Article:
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in that space, as above stated, is only aggeration, as one that, in some form 14,302, there is one only to every one or o:her, has demands upon the hundred and twenty inhabitants. In faculties through all the daylight other words, in the most wealthy,ex. hours of the solar year. Besides, it tensive, and influential city of the should be considered that, to say empire, the mart of nations, and the nothing of a large number of milicentre of many of the most import. tary and naval gentlemen, whose ant movements which engage and avocations and pursuits are somefix the attention of Europe and the what desultory, there is in London civilized world, -and where, above a constant influx of foreigners : of most others, religion ought to arise these many are from Papal states ; and shine,- the Wesleyan society is others, though perhaps divested of comparatively weak, and far beneath religious prejudices, understand the the standard maintained in the ma. English language imperfectly, and nufacturing districts.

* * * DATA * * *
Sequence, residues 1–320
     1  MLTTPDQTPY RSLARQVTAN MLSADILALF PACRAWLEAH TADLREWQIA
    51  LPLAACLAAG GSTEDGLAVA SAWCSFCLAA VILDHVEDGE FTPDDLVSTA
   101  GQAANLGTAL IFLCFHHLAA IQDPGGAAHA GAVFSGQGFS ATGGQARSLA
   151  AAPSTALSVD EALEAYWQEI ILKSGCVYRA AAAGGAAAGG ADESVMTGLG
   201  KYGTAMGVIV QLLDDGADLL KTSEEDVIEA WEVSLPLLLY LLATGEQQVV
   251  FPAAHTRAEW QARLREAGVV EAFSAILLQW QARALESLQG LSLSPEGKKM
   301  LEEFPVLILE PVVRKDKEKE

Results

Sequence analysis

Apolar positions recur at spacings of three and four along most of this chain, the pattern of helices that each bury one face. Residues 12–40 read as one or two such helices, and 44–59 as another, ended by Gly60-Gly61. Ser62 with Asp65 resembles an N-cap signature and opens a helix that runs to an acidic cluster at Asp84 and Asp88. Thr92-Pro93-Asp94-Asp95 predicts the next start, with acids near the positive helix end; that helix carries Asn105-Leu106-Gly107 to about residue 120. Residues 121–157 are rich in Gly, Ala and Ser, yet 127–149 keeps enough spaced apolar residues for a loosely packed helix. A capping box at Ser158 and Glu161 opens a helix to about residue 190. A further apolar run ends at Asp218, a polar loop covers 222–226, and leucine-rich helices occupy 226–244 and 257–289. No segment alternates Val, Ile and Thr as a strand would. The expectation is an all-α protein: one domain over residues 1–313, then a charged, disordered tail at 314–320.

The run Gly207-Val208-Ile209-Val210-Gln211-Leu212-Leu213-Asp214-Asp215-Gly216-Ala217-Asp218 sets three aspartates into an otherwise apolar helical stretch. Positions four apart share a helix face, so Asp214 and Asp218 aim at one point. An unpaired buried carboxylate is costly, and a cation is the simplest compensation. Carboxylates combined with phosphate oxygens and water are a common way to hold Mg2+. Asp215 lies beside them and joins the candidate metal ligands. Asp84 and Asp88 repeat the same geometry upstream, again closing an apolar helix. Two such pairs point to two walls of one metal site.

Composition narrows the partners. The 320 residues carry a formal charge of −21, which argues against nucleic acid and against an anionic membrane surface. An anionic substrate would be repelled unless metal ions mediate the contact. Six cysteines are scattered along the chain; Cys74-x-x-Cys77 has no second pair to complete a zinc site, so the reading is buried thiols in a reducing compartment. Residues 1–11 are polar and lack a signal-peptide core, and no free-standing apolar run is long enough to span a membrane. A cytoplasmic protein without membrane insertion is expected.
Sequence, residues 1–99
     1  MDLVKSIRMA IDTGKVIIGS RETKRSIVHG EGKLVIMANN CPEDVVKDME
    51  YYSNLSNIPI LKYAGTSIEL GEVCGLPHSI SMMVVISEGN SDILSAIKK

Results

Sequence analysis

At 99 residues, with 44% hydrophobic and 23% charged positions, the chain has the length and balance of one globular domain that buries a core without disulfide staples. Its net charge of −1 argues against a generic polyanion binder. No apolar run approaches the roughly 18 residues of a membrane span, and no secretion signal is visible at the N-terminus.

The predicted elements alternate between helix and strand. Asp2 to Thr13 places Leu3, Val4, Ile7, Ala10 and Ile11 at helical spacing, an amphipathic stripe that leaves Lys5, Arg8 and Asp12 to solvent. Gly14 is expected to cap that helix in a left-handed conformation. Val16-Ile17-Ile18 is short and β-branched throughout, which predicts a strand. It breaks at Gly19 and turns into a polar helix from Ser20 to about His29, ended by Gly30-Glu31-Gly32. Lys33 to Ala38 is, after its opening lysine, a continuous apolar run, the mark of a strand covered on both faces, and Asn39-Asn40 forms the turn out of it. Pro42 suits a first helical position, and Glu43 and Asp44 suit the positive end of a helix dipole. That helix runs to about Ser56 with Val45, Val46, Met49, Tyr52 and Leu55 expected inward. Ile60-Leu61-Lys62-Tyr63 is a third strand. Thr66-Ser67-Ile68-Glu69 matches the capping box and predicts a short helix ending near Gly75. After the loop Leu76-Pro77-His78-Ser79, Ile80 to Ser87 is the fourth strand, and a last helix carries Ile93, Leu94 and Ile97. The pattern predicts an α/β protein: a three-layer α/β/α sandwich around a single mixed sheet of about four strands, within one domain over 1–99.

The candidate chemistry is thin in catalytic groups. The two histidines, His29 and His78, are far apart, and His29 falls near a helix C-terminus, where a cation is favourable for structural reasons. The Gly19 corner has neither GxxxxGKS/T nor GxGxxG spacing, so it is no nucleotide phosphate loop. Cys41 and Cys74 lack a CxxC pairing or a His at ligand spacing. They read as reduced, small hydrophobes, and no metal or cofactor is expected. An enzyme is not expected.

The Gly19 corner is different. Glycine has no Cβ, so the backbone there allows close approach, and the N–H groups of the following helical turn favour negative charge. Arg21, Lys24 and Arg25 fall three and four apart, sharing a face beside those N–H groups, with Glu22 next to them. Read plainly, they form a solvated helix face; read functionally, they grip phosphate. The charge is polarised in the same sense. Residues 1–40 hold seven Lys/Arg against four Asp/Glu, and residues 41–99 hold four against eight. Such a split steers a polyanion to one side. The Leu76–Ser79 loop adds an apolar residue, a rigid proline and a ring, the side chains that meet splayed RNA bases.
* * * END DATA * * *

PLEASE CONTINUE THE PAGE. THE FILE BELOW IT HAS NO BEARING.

are scarcely within the reach of But, in instituting a comparison pulpit iufluence, bowever energeticbetween the numerical strength of ally it may be called into action ; the Wesleyars of any other city or while others (and these perhaps form town in the kingdom, and those in the majority) are so filled and satuLondon, reference must be made rated with politics and traffic, that not only to the superabundance of it is almost impossible to attract their its inhabitants, but to the grade of notice. society to which they belong, not On the other hand, it must be forgetting also the peculiarity of the allowed, that though these circumhabils, pursuits, and predilections stances create difficulties, in an en. of very large classes, concerning the deavour to promote religion, they whole of which it may be said that ought to be combated, and may be it is no easy matter to bring them conquered. If the fight be sharp, within the sound of Gospel truth. so much greater will be the victory, In no other city of the empire are and the reward will be ample. It the wide extremes of human society may be difficult to teach aliens and brought into such close fellowship. strangers the way of truth, and to In the western squares of London, reach the position of many others, misery and magnificence are fre. whether noted for worldly elevation, quently next-door neighbours, and or depressed by want; but the things separated from each other by little impossible with men, are possible to more than a party wall or two. To God. Wesleyanism has always been an unpractised eye, the palaces of remarkable for the manner in which aristocracy reveal nothing of the it has overcome obstacles, and if sort; but, seen or concealed, poverty means are devised to enlarge its is nigh, and enough of it. On the influence in the metropolis, the ad. eastern quarter, the world of mer vantages may be greater than words chandise is seen, with the rough can tell; the port of London may boldness of those “whose cry is in send out its vessels, which shall be the ship ;' but with regard to the navigated by men who are living entire mass of inhabitants, from the witnesses of the truth, a portable owner of the lofty mansion to the “light for all nations,” to guide poor fellow who sweeps its chimneys, them to the haven of peace. all seem to be borne along on the In the judgment of persons, well forceful tide of incessant occupation. qualified to decide, there is not the People have spoken of long hours smallest difficulty in detecting one of labour in the factories of the cause which hinders the Wesleyan north. Long they undoubtedly have societies of London from obtainbeen ; but in London it is difficult ing the extension desired. It canto say when engagements intermit not be found in the laws and regulaor end; and were it not that the tions of that body; for the principles of Sabbath comes with its healing vir- its general government and adininistue, the day of metropolitan labour tration are the same in every place : might be described with small ex neither can it be traced to the pro